No one likes to think of things going wrong, but disputes are a part of commercial life. In unsettled markets we often see an increase in contractual disputes, particularly in relation to termination. What if a party to the contract cannot perform their obligations? Can the contract be terminated early? Can the force majeure clause be exercised? All questions that can lead to disagreement and have parties reaching for the dispute resolution clause of their contract.

Dispute resolution clauses are an important feature of any commercial contract. However, they are often given minimal consideration in contract negotiations. When reviewing the dispute resolution clause applicable to a potential dispute, it is not uncommon to see standard wording used with no real thought given to the commercial context.

Unfortunately, when a potential dispute emerges, it is not unusual for parties to disagree over the correct interpretation of the dispute resolution clause. Arguing with the other side as to the extent of the dispute resolution clause can set the tone for the rest of the dispute and have huge implications on the rights and obligations being enforced – not to mention an increase in costs.

Hearts and Partick Thistle

Recently, Heart of Midlothian Football Club plc and The Partick Thistle Football Club Ltd [2020] CSOH 68 saw a well-publicised argument in relation to the application of dispute resolution clauses.

Hearts and Partick Thistle were relegated from their respective leagues following the early conclusion of the Scottish leagues due to COVID-19. Both clubs are seeking to challenge the relegation decision. Hearts and Partick Thistle raised court proceedings in the Court of Session. The SPFL argued that the dispute resolution clause provided that the court proceedings should be paused to allow the dispute to be referred to arbitration. After a (no doubt expensive and demanding) court hearing the court decided that the dispute should go to arbitration.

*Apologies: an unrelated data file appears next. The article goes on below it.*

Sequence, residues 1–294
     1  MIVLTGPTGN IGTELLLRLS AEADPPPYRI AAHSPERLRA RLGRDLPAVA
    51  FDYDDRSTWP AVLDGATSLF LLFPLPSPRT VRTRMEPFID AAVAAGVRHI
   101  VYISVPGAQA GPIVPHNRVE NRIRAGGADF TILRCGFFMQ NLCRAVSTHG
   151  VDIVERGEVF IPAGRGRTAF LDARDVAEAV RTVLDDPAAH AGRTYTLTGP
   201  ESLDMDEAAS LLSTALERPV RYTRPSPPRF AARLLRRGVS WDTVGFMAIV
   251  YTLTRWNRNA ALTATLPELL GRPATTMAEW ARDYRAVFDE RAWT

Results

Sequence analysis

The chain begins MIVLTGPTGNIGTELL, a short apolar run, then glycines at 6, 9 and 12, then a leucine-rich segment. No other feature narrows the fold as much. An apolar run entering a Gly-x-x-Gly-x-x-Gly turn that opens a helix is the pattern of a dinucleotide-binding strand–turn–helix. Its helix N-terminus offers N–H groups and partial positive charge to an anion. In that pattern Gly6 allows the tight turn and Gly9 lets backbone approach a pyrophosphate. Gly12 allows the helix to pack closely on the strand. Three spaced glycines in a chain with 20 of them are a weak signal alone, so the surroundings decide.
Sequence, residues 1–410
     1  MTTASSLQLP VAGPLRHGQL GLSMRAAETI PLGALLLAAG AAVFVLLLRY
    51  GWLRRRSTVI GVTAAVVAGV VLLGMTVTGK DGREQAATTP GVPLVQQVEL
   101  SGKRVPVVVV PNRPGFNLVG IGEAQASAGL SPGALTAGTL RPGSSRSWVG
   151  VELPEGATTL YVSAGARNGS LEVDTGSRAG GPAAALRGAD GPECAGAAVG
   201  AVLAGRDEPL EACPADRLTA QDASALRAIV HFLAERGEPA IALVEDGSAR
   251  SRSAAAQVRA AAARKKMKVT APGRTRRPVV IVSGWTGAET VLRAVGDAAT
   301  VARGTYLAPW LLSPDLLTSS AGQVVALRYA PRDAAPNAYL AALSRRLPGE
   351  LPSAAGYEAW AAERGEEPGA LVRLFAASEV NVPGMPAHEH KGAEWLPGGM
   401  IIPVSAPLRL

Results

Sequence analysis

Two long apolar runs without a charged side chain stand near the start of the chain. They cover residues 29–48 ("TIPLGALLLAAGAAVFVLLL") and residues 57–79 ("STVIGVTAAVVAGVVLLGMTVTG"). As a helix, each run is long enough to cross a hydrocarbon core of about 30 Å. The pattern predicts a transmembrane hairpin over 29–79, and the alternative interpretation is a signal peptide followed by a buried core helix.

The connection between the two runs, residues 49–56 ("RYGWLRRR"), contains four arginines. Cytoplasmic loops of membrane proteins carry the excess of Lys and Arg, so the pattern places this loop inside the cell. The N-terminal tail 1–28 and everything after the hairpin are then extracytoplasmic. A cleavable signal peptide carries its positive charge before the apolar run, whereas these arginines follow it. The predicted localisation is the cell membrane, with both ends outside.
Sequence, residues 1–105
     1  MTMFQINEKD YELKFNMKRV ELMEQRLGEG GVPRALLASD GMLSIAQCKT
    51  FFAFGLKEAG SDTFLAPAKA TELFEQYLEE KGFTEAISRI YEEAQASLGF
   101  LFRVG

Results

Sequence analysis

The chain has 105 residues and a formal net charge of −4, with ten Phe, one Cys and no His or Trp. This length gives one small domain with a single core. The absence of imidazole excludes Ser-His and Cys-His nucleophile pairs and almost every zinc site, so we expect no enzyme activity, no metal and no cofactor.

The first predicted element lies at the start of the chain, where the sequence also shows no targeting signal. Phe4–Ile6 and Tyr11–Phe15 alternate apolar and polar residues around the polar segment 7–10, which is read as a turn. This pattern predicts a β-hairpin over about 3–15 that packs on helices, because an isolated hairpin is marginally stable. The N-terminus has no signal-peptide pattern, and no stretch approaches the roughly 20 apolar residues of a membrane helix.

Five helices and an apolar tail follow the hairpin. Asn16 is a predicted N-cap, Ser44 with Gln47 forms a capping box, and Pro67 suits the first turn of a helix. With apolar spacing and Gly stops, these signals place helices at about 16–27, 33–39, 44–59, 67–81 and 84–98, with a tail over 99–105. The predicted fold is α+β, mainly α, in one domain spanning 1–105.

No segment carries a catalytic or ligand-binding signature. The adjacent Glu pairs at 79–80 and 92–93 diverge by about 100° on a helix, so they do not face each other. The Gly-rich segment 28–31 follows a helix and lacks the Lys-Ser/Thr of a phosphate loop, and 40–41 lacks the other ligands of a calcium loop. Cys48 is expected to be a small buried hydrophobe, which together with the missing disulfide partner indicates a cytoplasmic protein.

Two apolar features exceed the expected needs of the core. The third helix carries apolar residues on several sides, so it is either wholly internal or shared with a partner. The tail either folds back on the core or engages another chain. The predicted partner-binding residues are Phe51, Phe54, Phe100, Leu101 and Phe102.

Alternative dispute resolution

Raising court proceedings is sometimes, but not always, the best way to resolve a dispute. Due to the impact of COVID-19, courts are currently dealing with considerable backlogs and delays in fixing hearings. Alternative dispute resolution such as arbitration, expert determination and mediation will often be quicker and usually more cost effective.

Some points to consider:

  • Always check the proposed dispute resolution clause before entering into any agreement. What does it mean in practice? Do you need to consider revising the standard wording?
  • How do you want to deal with any future disputes?
  • Do you want to refer future disputes to arbitration or expert determination or mediation?
  • Should all disputes be dealt with the same way? Do you want to have different rules for different types of disputes?
  • What do your current contracts say about dispute resolution? If a project has multiple contracts, do they have conflicting clauses?

A dispute does not have to mean the end of a commercial relationship. With the appropriate guidance, it is possible for parties to negotiate their way through a dispute and emerge at the other side with the relationship intact.

A well thought-out and well-drafted dispute resolution clause will always save parties time and money in the long run. However, unclear and ambiguous dispute resolution clauses can lead to contentious and expensive disputes.

How can we help?

MacRoberts can advise on all aspects of dispute resolution. To find out more, please contact a member of our Commercial Dispute Resolution team.